The US model of a pluralist market economy is strongly consumer and short-term oriented. Its strength is dynamism and flexibility; its dominant philosophy is private sector competition and minimal government. As a result, industrial policy has not been developed in a systematic or coherent fashion as an important piece of policy making, and the country has not generally seen itself as being involved in the promotion of specific sectors. Read more

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Civil Domains and Arenas in Zimbabwean Settings. Democracy and Responsiveness Revisited – DPRN Five

Harare -

Harare –

Introduction (written 2008 – first published 2010)
A popular remedy for Africa’s predicament is the promotion of ‘civil society’. It is conventionally seen as a collection of various kinds of non-profit bodies separate from the state and business sector. It is framed within a consensual model of politics, and thus capable of working in ‘partnership’ with both state and business sectors in pursuit of common interests, particularly ‘development’ and ‘democracy’ [i]. Since the late 1970s donors sought substitutes for the state in the private sector. In the 1980s they discovered the virtues of the non-profit branch of this sector. They tasked older entities such as mission hospitals and newly-arrived non-governmental organisations (NGOs) with providing a range of services, from schooling and healthcare to small enterprise promotion, that were once considered responsibilities of the public sector.
Under their neoliberal paradigm, donors have tried to raise the nonprofit sector’s political status. Beyond service provision, its main task is to counter government power. Here civil society is cast as a hero, who routinely calls a villainous state to account. Yet this model of ‘civil society’ has evoked controversy. Questions have arisen about the effects of NGOs not only as substitute providers of basic services, but also as vehicles of public politics, effectively substituting for opposition political parties [ii]. A number of writers have called attention to ‘the obvious: that civil society is [largely] made up of international organisations’. Some argue that the whole concept of ‘civil society’ as promoted by outsiders does not match African sociological or political realities, and can ultimately weaken, rather than strengthen the power of common citizens. There are calls, in short, for a re-think. Read more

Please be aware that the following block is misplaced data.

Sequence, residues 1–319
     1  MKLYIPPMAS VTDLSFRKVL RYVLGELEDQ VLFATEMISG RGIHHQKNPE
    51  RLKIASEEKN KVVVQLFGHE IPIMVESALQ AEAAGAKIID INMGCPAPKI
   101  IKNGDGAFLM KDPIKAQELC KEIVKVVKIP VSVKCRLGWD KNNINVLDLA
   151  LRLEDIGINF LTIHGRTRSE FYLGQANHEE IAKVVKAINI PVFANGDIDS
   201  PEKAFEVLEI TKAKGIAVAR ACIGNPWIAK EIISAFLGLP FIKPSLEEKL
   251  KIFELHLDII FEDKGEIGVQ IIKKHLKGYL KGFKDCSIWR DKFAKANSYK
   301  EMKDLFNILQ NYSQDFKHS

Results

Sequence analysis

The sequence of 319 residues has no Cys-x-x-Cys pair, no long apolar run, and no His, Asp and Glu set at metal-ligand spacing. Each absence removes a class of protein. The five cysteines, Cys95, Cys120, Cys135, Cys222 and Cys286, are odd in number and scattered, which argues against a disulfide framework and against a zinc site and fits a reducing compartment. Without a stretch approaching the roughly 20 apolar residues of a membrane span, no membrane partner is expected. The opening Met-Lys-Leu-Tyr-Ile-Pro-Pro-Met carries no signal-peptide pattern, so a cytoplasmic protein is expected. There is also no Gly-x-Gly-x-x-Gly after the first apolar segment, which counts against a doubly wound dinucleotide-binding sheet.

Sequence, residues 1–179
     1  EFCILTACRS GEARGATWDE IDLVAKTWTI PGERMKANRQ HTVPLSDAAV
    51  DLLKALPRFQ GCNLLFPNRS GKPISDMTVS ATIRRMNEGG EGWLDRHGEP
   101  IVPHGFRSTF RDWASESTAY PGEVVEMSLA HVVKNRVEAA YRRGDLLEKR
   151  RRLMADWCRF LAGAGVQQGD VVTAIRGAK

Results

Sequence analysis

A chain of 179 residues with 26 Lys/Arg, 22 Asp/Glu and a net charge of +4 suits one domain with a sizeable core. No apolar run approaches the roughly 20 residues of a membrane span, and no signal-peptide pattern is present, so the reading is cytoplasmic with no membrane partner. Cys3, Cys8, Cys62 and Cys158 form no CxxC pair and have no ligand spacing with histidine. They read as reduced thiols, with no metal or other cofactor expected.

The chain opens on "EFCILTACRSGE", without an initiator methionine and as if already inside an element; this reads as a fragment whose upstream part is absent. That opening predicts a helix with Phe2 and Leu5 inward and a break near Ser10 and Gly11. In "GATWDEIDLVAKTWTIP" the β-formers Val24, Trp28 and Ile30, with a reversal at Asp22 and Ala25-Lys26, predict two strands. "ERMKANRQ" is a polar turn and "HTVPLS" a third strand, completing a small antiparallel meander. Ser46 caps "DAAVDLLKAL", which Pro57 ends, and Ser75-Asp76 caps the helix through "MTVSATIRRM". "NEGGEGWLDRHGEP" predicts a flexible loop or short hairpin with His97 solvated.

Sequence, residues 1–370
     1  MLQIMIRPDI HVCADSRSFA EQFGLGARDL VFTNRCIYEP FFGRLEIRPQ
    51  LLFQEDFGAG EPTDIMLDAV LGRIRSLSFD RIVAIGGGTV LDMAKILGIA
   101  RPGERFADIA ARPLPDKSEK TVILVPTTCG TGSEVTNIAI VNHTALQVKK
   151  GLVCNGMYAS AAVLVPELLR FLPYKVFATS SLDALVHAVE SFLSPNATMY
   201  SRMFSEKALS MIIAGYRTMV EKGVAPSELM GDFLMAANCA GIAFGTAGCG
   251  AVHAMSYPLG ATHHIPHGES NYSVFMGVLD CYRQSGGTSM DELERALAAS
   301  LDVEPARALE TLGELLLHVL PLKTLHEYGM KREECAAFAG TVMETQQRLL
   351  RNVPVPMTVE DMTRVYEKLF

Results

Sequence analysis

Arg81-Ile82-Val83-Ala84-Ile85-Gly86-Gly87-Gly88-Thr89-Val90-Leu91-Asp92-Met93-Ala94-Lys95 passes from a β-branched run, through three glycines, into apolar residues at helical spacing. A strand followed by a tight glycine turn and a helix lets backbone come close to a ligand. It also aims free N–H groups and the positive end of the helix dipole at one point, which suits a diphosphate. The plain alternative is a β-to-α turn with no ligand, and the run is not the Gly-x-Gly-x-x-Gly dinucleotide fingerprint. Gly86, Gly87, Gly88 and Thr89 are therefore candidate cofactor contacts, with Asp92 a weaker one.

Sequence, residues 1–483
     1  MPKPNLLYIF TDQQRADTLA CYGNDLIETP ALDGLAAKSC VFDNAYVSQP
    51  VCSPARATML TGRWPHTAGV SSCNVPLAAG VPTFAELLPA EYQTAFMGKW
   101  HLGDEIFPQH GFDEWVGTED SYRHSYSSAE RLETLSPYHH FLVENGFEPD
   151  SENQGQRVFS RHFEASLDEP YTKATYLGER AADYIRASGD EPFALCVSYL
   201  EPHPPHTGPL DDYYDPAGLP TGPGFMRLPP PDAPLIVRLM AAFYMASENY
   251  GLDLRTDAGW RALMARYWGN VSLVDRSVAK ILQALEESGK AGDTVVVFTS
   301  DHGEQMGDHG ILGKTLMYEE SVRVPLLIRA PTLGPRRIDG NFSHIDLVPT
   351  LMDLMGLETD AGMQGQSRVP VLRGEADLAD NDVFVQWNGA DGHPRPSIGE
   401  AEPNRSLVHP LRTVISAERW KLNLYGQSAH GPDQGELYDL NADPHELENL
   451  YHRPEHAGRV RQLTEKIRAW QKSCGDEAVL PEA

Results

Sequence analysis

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Post-Apartheid South Africa And The Crisis Of Expectation – DPRN Four


Nelson Mandela

The collapse of the apartheid state and the ushering in of democratic rule in 1994 represented a new beginning for the new South Africa and the Southern African region. There were widespread expectations and hopes that the elaboration of democratic institutions would also inaugurate policies that would progressively alleviate poverty and inequality.
Fourteen years into the momentous events that saw Nelson Mandela become the president of South Africa, critical questions are being asked about the country’s transition, especially about its performance in meeting the targets laid down in its own macro-economic programmes in terms of poverty and inequality, and the consequences of the fact that the expectations of South Africans have not been met.

At a general level the euphoria of 1994 has come up against deepening inequality, rising unemployment, the HIV pandemic and bourgeoning violent crime. The latter has led one writer to conclude that South Africa is ‘a country at war with itself’ (Altbeker 2007).
South Africans have trusted democracy with the hard task to deliver jobs, wealth, healthcare, better housing and services to the people. But now that all of this is slow in arriving, there is growing disquiet and increased community protests that have sought to challenge the government on the pace of service delivery.
It is the level of what we have labelled a crisis of expectation that this paper speaks to. It looks at what under lies this crisis of expectation and what are the potential consequences. Read more